Council makes progress preparing for Scottish Child Abuse Inquiry

The inquiry began in October 2015 and is expected to last four years

The Scottish Child Abuse Inquiry officially began on 01 October 2015 and is estimated to last for at least four years. The overall aim of the inquiry is to raise awareness of the abuse of children in care and provide an opportunity for public acknowledgement of the suffering of those children who have been abused in care. 

Covers that period within living memory

An important function of the inquiry is that it is to cover that period which is within living memory of any person who suffered such abuse, up until such date as the chair may determine, and in any event not beyond 17 December 2014; the date when the inquiry was initially announced. This will enable adults of all ages to provide witness to the abuse and suffering they may have endured.

Council fully supports any actions that seek justice

Midlothian Council fully supports any actions that seek justice for survivors of childhood abuse and are committed to working with the inquiry team.  As part of its preparation for the inquiry, Midlothian established a project team to look at the detail of the preparation. This early preparation has meant we are well placed to meet the demands of the inquiry. The council has also committed additional resources to ensure we can continue the work both at a national and local level.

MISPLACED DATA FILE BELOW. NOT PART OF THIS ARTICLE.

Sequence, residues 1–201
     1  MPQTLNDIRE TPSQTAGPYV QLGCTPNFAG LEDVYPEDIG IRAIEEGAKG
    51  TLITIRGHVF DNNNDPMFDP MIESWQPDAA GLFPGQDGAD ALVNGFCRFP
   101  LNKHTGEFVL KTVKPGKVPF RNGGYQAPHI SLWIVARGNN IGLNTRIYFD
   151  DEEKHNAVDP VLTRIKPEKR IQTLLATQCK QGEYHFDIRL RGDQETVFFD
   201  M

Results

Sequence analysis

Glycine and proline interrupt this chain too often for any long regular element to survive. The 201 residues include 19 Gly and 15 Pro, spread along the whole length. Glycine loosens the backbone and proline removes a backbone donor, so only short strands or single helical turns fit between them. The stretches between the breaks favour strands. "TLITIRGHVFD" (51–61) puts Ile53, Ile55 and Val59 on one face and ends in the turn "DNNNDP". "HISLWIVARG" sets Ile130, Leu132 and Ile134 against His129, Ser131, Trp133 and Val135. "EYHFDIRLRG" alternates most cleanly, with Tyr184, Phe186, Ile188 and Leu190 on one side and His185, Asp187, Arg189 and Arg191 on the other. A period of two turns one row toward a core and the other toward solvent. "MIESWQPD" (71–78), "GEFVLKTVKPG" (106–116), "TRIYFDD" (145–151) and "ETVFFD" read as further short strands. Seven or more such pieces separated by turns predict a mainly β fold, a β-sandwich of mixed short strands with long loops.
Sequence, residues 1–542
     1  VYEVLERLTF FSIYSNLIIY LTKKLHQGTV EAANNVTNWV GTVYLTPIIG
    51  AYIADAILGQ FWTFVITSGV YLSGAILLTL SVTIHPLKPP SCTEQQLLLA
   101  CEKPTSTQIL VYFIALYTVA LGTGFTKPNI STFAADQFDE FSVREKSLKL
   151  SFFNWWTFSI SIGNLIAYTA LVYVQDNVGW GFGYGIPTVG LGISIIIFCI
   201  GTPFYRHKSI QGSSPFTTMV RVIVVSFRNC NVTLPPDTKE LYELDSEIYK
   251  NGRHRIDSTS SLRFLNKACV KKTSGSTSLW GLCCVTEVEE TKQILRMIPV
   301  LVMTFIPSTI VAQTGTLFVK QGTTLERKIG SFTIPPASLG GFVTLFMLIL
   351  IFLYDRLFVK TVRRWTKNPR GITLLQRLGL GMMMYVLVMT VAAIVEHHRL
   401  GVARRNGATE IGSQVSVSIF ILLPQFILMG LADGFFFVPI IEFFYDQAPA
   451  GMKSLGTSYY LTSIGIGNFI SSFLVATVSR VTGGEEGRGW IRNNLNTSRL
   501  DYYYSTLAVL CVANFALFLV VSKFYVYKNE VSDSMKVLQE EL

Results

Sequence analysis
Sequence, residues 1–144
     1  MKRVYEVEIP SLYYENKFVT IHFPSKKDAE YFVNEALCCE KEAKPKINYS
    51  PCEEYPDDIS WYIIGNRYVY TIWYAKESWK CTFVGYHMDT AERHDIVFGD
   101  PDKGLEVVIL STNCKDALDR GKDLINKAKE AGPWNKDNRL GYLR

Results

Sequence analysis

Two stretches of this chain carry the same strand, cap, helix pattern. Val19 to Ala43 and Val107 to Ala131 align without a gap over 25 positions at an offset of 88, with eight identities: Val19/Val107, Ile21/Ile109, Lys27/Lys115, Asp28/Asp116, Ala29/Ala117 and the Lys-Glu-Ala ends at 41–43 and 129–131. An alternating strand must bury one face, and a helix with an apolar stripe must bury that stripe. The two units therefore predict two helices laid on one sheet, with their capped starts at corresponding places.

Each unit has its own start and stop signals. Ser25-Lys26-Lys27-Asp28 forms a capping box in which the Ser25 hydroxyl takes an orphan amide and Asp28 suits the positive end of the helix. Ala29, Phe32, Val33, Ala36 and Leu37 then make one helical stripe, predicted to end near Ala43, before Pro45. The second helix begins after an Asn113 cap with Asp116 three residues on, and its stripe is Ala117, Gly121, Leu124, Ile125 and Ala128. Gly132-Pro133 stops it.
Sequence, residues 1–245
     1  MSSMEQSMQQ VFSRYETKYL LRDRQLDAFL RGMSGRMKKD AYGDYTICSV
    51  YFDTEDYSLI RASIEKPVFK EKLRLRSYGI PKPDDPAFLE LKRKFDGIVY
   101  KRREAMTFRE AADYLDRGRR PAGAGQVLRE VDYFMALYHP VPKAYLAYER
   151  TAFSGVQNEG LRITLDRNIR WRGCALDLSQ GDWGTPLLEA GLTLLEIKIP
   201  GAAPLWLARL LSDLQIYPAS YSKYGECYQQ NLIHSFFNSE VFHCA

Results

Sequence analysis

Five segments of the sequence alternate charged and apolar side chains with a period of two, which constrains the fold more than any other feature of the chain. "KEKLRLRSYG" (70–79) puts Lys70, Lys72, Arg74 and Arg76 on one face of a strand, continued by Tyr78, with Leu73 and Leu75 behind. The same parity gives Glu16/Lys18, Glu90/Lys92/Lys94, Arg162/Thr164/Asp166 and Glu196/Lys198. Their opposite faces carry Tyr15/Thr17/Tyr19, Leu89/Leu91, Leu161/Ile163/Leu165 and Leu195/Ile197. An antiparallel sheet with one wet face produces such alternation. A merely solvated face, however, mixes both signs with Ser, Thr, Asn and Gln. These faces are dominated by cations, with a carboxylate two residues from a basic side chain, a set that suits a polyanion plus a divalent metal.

Difficult to estimate any claims

Council Leader, Councillor Catherine Johnstone said: “While it is difficult to estimate the value of any claims that could be brought, we are able to gauge some of these costs based on the experience of other inquiries and the projections made by a range of professional groups. Recent estimates based on the information provided by Directors of Finance would suggest Midlothian Council may be liable for £2 million in compensation claims although legal cost could be considerably more. Given the fiscal challenges Midlothian Council is currently experiencing, the financial burden is a significant issue.”

27 Sep 2016